• ·        The Aluminum Company of America built a big plant just outside of Maryville Tennessee. (In North Maryville) It was the biggest provider of aluminum in the South.  The area needed housing for workers, so Alcoa built many houses. The area eventually turned into a city.  The wife of Alcoa hydro engineer James Rickey came up with the name “Alcoa” as an acronym for Aluminum Company of America.  The name Alcoa was created specifically to name the town Alcoa Tennessee.  The town was founded in 1919.  Over time, the name Alcoa was unofficially used to reference the company as well, including the first employee-created credit union in the state.. The Aluminum Company of America officially changed its name to Alcoa, Inc. in 1999.

  • ·        To learn more about the controversial beginnings of the city of Alcoa and its early “relationship” with its neighbor, Maryville, just go to http://www.cityofalcoa-tn.gov/city_government/city_history. 



The interior of Gracie’s Restaurant is just what one would expect in a local diner or corner restaurant.  It was clean, the décor is straightforward and it was well maintained… It was late in the morning when we arrived, so business was relatively light.


The wooden tables have ads for local businesses literally imbedded on the surface and then the top was coated and sealed with an epoxy resin.  I’m sure that the ads helped pay for the furniture and the tables are easy to keep clean.  I did wonder how many of the businesses whose ads are displayed are still in business…

This artistic rendering of the exterior of Gracie’s is embedded in the center of all of the tables in the restaurant…


Laurie ordered her favorite breakfast…two eggs over easy with bacon (3 strips) and crispy hashbrown potatoes.  The eggs were just right, the bacon was very nice and the hashbrowns were cooked to order! 


Laurie was asked if she wanted toast or biscuits with her breakfast… She decided on a biscuit and she was stunned when the waitress brought her 2 biscuits and white pepper gravy!  The biscuits were very good and Laurie also liked the pepper gravy.  I was particularly pleased with the price…only $5.99 for Laurie’s breakfast!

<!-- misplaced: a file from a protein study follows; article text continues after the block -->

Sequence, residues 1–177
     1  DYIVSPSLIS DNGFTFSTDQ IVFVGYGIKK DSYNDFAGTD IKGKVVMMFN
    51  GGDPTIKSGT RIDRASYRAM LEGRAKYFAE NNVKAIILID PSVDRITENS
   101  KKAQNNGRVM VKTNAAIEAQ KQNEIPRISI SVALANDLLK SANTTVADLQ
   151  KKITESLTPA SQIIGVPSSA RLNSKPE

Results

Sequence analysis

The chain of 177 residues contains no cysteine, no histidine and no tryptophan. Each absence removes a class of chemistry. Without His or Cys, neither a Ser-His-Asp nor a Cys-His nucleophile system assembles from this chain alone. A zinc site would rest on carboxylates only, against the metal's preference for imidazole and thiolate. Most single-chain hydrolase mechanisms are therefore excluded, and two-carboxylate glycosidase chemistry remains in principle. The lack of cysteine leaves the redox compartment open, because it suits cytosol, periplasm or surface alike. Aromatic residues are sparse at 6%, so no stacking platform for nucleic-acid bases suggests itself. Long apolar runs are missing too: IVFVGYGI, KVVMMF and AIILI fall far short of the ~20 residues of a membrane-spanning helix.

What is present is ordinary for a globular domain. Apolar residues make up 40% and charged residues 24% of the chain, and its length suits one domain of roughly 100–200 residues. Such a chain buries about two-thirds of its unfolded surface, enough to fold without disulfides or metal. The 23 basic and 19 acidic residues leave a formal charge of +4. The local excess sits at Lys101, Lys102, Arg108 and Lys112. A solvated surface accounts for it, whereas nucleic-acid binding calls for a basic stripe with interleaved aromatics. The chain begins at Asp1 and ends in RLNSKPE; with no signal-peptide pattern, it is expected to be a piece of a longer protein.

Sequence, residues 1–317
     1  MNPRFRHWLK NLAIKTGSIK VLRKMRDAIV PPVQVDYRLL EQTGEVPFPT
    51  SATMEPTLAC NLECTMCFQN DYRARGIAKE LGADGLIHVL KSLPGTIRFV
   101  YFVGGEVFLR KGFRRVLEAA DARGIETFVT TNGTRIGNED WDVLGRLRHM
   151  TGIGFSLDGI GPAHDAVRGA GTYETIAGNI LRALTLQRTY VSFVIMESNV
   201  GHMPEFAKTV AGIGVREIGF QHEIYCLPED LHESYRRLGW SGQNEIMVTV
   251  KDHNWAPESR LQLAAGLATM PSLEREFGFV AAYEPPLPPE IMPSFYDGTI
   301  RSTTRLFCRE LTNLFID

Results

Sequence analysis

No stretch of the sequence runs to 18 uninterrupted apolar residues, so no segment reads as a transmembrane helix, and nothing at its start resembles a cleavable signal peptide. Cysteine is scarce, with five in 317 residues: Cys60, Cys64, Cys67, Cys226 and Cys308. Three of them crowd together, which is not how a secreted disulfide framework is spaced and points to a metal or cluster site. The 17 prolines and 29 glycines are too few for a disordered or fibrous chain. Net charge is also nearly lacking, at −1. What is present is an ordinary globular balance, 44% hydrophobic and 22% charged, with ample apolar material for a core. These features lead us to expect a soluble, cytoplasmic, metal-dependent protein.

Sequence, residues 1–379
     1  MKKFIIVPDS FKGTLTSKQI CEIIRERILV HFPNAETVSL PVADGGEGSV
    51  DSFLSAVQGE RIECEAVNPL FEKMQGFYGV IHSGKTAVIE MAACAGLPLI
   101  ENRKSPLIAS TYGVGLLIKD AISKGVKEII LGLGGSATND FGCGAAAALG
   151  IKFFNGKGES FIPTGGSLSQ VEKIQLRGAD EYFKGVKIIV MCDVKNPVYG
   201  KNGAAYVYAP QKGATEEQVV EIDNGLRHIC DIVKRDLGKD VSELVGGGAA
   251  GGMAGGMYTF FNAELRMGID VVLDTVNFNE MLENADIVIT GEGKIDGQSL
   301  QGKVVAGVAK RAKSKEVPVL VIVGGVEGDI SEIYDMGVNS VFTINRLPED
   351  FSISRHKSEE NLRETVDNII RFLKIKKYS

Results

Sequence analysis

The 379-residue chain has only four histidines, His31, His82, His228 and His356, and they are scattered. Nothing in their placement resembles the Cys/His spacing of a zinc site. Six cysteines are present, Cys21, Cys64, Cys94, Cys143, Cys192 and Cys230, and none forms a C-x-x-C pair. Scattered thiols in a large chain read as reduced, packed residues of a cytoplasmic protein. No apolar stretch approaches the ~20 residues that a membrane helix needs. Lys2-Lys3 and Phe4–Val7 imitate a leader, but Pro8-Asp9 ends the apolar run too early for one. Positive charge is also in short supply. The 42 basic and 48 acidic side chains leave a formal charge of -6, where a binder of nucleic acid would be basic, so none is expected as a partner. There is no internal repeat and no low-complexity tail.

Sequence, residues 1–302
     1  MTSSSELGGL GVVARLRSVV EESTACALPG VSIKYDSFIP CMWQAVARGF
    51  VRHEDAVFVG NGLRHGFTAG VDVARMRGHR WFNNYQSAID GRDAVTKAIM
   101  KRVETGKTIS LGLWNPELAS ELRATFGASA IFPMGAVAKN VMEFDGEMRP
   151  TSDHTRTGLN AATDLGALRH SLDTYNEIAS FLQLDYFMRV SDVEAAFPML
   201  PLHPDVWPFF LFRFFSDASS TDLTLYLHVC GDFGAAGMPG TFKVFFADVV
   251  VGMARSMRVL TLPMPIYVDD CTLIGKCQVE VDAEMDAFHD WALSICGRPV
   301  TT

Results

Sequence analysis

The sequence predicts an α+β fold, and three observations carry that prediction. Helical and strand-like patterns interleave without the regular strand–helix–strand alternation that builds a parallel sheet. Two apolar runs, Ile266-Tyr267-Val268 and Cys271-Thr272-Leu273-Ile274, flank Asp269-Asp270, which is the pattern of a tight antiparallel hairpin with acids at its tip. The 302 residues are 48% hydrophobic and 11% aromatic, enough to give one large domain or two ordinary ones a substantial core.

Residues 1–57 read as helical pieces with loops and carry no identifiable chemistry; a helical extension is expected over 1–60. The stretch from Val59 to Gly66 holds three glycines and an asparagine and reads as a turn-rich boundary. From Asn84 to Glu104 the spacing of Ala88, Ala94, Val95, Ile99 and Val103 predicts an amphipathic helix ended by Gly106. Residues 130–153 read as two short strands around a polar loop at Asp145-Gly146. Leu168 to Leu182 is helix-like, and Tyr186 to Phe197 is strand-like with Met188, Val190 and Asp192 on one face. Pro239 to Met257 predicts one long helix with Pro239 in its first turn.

My breakfast was fairly similar…opting for the same egg and hashbrown preparation, but choosing rye toast over the biscuits.  My breakfast meat of choice came on another plate…


This behemoth hunk of meat slathered with white pepper gravy is Gracie’s version of chicken fried steak.  I estimate that this meat patty weighed in a 7 or 8 oz.  It is not what I would normally title as a chicken fried steak…although it is fried.  I couldn’t place what it tasted like but it was lighter in texture and flavor than what I would normally expect.  While it was OK…and the portion was huge…I would prefer the more standard version. The cost of my breakfast was only $7.19!   Oh, I almost forgot to mention…the cook misread the order and I was also served 2 biscuits and the white pepper gravy.  Yikes…enough food for an extra person..!

To sum it up…Gracie’s serves good food with good service at very reasonable prices in clean and pleasant surroundings.  If only Gracie’s had Tabasco on hand for her customers!  Oh well, we will return and I’ll bring my own Tabasco…

Gracie’s is located at 766 Lincoln Road in Maryville Tennessee.  This restaurant is open from 7 AM to 8 PM Monday through Saturday.  Phone: 865-984-7117.  Gracie’s can be found on Facebook at https://www.facebook.com/pages/Gracies-Restaurant/195617930471208.

Just click on any of the photos to enlarge them…


Thanks for stopping by for a visit!

Take Care, Big Daddy Dave